Location of the Wicken on the Continent - The Wicken are evidenced on the Continent by names such as Wickendorf and Wickenburg.  There are nearly a dozen von Wickenburgs mentioned in German history databases, and Henry Wickenburg came to Arizona from an area near Essen, Germany, where his family worked a coal mine.

Wickendorf is reported in the German Wikipedia to be the name of the following five locations, where the larger city or town within which Wickendorf was a village or distrrict is given parenthetically:

  1. Wickendorf (Witków), village in the Gmina Jaworzyna Śląska in the powiat Świdnicki in the Lower Silesian Voivodeship in south-western Poland
  2. Wickendorf (Wolfern) , place near Wolfern , Steyr-Land, upper Austria
  3. Wickendorf (Teuschnitz) , district of the city Teuschnitz in the district of Kronach in Bavaria (southern Germany)
  4. Wickendorf (Probstzella) , hamlet of the municipality Probstzella in the district of Saalfeld-Rudolstadt in Thuringia, central Germany
  5. Wickendorf (Schwerin) , part of the city of Schwerin in Mecklenburg-Vorpommern, northern Germany

Places named Wickendorf in (1) Witkow, Poland, (2) Wolfern, Austria, (3) Teuschnitz, Bavaria, (4) Probstzella, central Germany, and in (4) Schwerin, northern Germany.   

 It may have been that the Hwicce began to identify as a separate clan when they were located in Poland or somewhere near Wolfern in Austria.  Under pressure from tribes invading from the east, they may have moved slowly to the north, and from there to the North Sea Coast.  The locations of the Wickendorfs have been numbered to indicate this possible sequence over time.  

1. Witków (Wickendorf ) is a village in the Gmina Jaworzyna Śląska (German royal tent ) in the powiat Świdnicki in the Lower Silesian Voivodeship in Poland.  Wickendorf was founded in the course of the Eastern colonization of German settlers. In 1392 the place appears in a document as Wittchindorff . In 1497  the Schweidnitzer patrician Georg Ungerothen was lord of Wickendorf. With the takeover in 1945 by Soviet troops and Polish administration, Wickendorf was renamed in Witków  

2. Wolfern - Wickendorf is a place near Wolfern, a market town with 3,163 inhabitants (as of 1 January 2019) in Upper Austria in the district of Steyr-Land in Traunviertel . The competent judicial district is Steyr . The colonization of this area goes back far into the dark past, as finds of hole stone axes and flat axes from the Stone Age report. But in 777 we find the first documentary mention of this area in connection with the Bavarian Duke Tassilo III. The Kremsmünster Abbey, founded by the Duke, donated the forest between Dietach and Sierning.  In 871 Emperor Charlemagne confirmed this donation. In this time also the name Wolfern originated from the Slavic word "woularin". From this word the meaning "forest between Dietach and Sierning" can be derived. The name Wolfern first appeared in 1111.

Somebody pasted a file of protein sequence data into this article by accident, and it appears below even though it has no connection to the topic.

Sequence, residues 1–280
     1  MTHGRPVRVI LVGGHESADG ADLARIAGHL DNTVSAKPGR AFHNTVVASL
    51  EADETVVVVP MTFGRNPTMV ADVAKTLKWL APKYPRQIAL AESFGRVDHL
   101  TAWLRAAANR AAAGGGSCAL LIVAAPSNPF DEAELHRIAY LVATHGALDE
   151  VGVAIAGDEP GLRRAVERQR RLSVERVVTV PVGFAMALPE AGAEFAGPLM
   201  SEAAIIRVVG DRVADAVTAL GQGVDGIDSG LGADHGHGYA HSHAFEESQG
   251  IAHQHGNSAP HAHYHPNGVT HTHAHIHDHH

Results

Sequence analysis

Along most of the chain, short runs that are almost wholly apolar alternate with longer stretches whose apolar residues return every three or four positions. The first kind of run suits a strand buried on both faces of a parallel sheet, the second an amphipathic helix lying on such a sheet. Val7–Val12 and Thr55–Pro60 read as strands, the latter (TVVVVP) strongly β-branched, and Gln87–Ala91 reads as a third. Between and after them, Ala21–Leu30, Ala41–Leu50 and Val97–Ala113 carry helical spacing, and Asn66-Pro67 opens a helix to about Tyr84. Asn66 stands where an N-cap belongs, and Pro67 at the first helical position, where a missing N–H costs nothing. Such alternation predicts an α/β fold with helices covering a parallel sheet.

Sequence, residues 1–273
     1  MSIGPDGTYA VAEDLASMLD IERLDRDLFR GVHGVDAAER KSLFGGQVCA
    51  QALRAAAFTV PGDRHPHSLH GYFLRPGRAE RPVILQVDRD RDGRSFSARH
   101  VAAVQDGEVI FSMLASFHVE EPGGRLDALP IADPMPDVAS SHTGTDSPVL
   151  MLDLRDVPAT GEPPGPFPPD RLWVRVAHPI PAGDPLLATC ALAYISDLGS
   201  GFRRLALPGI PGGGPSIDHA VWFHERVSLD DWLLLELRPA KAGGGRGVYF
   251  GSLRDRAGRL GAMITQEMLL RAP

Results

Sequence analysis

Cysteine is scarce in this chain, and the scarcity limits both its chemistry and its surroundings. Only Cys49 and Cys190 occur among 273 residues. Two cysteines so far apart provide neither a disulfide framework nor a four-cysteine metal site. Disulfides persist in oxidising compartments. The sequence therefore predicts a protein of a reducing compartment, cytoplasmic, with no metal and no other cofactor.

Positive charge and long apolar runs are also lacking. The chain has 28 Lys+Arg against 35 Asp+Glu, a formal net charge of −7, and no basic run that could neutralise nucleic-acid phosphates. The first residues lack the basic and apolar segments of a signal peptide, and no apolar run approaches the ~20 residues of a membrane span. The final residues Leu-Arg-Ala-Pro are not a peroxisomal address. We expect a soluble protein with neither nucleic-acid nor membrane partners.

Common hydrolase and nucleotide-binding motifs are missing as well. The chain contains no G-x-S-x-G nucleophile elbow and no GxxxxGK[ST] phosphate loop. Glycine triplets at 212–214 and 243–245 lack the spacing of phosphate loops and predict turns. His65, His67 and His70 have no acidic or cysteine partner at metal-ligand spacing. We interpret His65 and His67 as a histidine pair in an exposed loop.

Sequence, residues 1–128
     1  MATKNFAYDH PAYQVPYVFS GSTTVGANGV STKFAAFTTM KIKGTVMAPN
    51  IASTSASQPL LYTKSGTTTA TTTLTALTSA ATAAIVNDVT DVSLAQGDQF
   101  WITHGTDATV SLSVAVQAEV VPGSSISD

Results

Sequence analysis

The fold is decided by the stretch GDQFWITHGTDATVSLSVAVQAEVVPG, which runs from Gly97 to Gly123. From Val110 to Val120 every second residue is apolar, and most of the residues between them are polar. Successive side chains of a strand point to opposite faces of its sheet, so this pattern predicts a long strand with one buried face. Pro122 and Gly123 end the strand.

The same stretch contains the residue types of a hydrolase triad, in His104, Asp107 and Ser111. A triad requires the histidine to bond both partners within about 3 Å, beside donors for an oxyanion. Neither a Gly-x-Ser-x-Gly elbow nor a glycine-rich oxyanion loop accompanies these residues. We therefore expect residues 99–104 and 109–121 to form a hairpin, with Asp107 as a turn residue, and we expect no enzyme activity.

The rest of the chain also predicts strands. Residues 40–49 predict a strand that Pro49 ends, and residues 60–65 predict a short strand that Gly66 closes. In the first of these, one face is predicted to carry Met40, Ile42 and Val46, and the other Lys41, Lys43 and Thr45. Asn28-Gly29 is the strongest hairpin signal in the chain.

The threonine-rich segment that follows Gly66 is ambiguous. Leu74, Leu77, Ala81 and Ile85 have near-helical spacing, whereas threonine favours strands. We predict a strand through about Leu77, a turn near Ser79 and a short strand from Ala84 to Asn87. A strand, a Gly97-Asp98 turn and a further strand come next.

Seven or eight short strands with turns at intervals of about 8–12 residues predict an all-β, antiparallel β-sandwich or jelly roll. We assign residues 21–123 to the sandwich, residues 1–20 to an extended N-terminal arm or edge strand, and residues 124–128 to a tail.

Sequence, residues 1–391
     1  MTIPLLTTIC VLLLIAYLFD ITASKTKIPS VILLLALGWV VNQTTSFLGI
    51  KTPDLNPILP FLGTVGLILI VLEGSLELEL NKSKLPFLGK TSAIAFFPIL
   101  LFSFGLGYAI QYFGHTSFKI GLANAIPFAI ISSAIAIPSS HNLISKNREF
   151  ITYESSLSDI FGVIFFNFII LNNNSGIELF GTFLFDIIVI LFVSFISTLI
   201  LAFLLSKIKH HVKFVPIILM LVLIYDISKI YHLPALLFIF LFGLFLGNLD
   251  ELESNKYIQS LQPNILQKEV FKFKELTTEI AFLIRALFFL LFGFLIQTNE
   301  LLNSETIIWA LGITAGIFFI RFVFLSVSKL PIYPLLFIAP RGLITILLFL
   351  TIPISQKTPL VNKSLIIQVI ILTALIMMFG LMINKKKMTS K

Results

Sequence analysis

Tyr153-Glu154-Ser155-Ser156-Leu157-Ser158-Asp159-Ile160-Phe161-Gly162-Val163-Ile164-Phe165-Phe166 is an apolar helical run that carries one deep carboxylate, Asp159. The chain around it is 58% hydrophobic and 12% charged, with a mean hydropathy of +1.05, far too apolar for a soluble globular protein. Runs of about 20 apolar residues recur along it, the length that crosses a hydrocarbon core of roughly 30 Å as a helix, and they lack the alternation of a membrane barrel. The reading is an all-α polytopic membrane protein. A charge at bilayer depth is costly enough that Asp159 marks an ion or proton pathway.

3. Teuschnitz - Wickendorf is a rural village, which lies in the valley Frankenwald. Through the town flows the Teuschnitz, a river which flows at Wilhelmsthal - Gifting in the Kremnitz . A municipal connecting road connects the village with Teuschnitz and with state road 2198 . The county town of Kronach is located south about 20 kilometers away. The first appointment of the village was on July 18, 1361. [2] Wickendorf belonged to the Bishopric of Bamberg . By the Reichsdeputationshauptschluss the village went in 1803 together with the remaining areas of the Bishopric Bamberg in the possession of the Electorate of Bavaria .  In 1862, the rural community Wickendorf was incorporated into the newly created Bavarian district office Teuschnitz . It consisted of two villages, the village Wickendorf and the three kilometers away Einöde Rauschenberg, and it belonged to the district court Ludwigsstadt . In 1871 the village had 358 inhabitants, and 57 residential buildings. As part of the territorial reform in Bavaria , the municipality Wickendorf was incorporated on January 1, 1978 to Teuschnitz. [10]   

4. Probstzella - Wickendorf is located east of the road from Großgeschwenda to Lichtentanne in the source trough of Schaf Bach river flowing to the Sormitz in 570 meters above sea level. The corridor of the hamlet is 225.06 hectares. ... On March 19, 1454 the hamlet was first mentioned in a document. In 1417 there were several farms in the hamlet, then a farm was created from the farmsteads , which was again divided in 1780. There was then a sheep farm with about 700 sheep. There were four houses and 26 inhabitants. The place was [known] as Roda until 1918 in the People's area of the supremacy of the Principality of Schwarzburg-Rudolstadt . ... On April 6, 1994, the community Roda, which belonged to Wickendorf, [was] incorporated into Probstzella.

5. Schwerin - Wickendorf is part of the city of Schwerin, which is the capital of Mecklenburg-Vorpommern . With almost 96,000 inhabitants, the district- center city is the smallest of all state capitals in Germany, but at the same time, after Rostock , the second largest city and one of the four major centers of their state. ... Schwerin was first mentioned in 1018 as Wendenburg and received city rights in 1164, granted by Henry the Lion . This makes it the oldest city in Mecklenburg-Vorpommern today.  The Germanic Wikipedia also  mentions a canal called the Wickendorf Canal in Germany. 

It is difficult to know when the Wicken may have settled at these locations, but the general movement of the Germanic tribes, under pressure from the Huns and seeking arable land outside that defended by the Romans was from East to West and then from South to North.  It is possible that the Wicken spent enough time in each of these locations for their name to be associated with the settlements.  As the Germanic tribes were pushed to the west and then north by the Huns, the Wicken may have moved from a location in Upper Austria or Poland, northward through Bavaria and Germany into Northern Germany, close to Slesvig.  The Angles apparently settled for a while in an area north-east of Slesvig now called Angeln, a German province in the southern part of the Jutland peninsula.